Before any company can move forward, it must first be able to define who exactly fits the definition of an INR and how best to measure the effect of a drug on non-responders.
“We can’t start looking for solutions or drugs if we don’t have a really solid definition of the group,” said Dr. Irini Sereti, chief of the HIV Pathogenesis Section at the National Institute of Allergy and Infectious Diseases. “Almost every paper you read has used a different definition.”
One analysis by Treatment Action Group, an advocacy organization based in New York, found 14 definitions of INRs across 20 studies. And these definitions can, in turn, affect estimates of the prevalence.
For example, a 2014 study of more than 5,500 people estimated that about 15 percent of people who began taking antiretroviral therapy with a CD4 count of less than 200 didn’t show an increase in those cells three years later. Another study in 2018 of about 1,600 people found that 27 percent of people had a CD4 count below 350 six years after beginning treatment.
These studies broadly agree that older age and a low CD4 count at the start of treatment are the strongest predictors of poor immune recovery. But they also each report a different frequency of problems that can occur in INRs.
Dr. Virginia Sheikh, a medical officer in the FDA’s Division of Antiviral Products, is working with colleagues to analyze pooled data submitted to the agency for antiretroviral drugs to gain a clearer picture of non-responders. Still, even with a conservative estimate, the number of INRs in the U.S. is unlikely to be higher than 200,000, she said.
Few drugs in pipeline
About a decade ago, the immune molecule interleukin-2 seemed to be a promising treatment for non-responders. Two large Phase 3 clinical trials showed that interleukin-2 successfully boosts the numbers of CD4 cells. But it turned out to increase a subtype of the cells that suppress immunity, instead of enhancing it, and delivered no clinical benefit for the participants.
Then, a French company called Cytheris developed an experimental product based on another immune molecule called interleukin-7. This therapy dramatically increased CD4 levels and enhanced immunity in early testing with INRs. But the company went bankrupt in 2013, before it could test its approach further.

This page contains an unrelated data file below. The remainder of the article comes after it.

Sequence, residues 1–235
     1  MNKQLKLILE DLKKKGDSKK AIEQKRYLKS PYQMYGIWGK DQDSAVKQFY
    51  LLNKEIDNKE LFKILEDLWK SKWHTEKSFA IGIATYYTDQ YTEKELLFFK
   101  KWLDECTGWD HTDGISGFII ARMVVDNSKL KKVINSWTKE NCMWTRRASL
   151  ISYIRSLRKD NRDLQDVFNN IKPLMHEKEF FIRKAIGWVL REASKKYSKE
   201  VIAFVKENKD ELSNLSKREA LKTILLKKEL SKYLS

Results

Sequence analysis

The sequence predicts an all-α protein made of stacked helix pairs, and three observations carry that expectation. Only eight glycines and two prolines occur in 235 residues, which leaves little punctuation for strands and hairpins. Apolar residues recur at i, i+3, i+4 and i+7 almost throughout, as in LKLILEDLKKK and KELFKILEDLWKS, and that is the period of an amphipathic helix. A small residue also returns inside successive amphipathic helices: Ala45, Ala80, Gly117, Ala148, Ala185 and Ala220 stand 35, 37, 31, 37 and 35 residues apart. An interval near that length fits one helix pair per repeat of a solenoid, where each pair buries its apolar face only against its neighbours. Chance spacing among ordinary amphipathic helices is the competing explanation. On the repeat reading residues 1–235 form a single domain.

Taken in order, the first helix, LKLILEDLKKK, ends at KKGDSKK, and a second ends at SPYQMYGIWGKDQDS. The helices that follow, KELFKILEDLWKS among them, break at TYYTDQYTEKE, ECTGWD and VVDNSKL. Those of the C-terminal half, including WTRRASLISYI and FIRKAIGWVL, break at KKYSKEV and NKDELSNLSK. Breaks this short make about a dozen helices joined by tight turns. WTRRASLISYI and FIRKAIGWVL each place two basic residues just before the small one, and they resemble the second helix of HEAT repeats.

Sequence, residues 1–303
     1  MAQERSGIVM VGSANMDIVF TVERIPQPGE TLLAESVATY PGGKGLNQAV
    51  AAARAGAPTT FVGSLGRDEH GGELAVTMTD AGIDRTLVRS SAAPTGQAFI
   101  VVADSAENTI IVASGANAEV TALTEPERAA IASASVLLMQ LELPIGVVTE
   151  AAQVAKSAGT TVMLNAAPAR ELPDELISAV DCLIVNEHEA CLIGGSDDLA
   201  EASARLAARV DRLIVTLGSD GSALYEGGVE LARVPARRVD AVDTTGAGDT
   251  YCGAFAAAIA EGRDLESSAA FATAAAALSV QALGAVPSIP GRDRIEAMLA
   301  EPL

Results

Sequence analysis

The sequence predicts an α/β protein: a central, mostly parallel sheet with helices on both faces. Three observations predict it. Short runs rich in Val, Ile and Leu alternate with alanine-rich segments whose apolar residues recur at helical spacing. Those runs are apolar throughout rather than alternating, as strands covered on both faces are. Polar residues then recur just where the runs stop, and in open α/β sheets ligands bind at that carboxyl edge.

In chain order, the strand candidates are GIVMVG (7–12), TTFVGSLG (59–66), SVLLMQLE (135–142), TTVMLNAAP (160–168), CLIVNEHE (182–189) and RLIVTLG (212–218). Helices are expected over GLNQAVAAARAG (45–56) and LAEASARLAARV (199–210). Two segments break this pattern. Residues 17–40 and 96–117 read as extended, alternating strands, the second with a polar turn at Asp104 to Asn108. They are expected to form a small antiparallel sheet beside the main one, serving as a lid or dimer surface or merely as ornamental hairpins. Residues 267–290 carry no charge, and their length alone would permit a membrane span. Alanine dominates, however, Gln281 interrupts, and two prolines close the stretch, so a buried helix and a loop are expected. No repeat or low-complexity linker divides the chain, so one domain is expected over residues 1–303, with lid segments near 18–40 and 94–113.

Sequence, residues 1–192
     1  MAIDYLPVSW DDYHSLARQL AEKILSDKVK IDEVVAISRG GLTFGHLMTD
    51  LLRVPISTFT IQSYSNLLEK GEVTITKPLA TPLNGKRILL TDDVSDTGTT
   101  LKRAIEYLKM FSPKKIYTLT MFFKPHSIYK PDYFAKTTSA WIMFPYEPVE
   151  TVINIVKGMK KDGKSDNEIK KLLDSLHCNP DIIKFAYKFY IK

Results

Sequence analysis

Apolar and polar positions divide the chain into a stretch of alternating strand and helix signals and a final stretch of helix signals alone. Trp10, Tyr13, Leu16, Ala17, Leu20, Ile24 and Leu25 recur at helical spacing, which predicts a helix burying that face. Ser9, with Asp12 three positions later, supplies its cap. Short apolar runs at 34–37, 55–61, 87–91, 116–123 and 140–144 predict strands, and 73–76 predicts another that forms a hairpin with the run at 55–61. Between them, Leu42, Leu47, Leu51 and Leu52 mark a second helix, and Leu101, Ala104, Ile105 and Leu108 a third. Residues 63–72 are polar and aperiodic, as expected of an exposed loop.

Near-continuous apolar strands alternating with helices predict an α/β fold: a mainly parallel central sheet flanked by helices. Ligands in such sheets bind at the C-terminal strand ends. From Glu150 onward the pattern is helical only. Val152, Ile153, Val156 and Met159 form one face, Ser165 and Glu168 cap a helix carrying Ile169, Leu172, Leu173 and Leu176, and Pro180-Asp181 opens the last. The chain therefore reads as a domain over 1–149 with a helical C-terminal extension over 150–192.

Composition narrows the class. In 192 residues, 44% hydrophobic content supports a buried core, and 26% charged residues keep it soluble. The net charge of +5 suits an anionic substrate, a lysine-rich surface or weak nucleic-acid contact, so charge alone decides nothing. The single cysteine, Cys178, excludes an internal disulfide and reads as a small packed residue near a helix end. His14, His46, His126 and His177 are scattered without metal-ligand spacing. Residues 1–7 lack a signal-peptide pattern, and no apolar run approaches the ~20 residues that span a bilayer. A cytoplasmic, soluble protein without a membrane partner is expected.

Deeks was involved in another trial with non-responders, a small pilot study led by California-based Sangamo Therapeutics. That trial involved extracting CD4 cells from an HIV-positive person, editing the cells to knock out CCR5 — a protein HIV needs to infect the cells — and infusing these modified CD4 cells back into the person. The approach worked: “The CD4 count went up dramatically and quickly,” Deeks said, and stayed up for years.
Matt Sharp, one of the trial’s participants and an HIV activist, was in the audience of a 2011 conference where Sangamo presented the results. Like Vergel, Sharp had taken antiretroviral drugs for decades but his CD4 count had stayed depressed. When the Sangamo slide went up, Sharp was stunned to see increases in CD4 counts in most of the participants.
“There was this phenomenal doubling of CD4 cells in almost every patient,” he recalled. His CD4 level was around 200 at the start of the study, he said, but has stayed at nearly 500 ever since. His health, too, has been better than before.
Despite these promising effects, however, Sangamo chose not to pursue the method any further for INRs. Like many others in HIV research these days, the company is instead exploring the method as a cure for HIV. A new trial about to get underway may include people with low CD4 counts but is not specific to non-responders, said Rafick-Pierre Sékaly, a professor of pathology at Case Western Reserve University School of Medicine who is leading the trial.
One other positive development for INRs is that Revimmune, the company that licensed Cytheris’ interleukin-7 technology, has been testing it for other conditions. The company had not considered renewing its focus on HIV, but after hearing about the orphan drug designation, Michel Morre — the French scientist who led Cytheris and is now chief scientific officer of Revimmune — said that seems like a viable approach. “It is certainly something we should consider,” he said.
Vergel welcomes this news: “I was disappointed to find out the development of this option for HIV had been halted, so I am happy that it may be reconsidered for INRs,” he said.
In the meantime, Vergel is giving talks about INRs to patients and clinicians, and is trying to stay optimistic. “This message is my most important mission,” he said. “I don’t want this to be left behind.”
Correction: An earlier version of this story wrongly described the kind of cancer Vergel developed and had an incorrect title for Dr. Virginia Sheikh, an FDA medical officer.
Published on STAT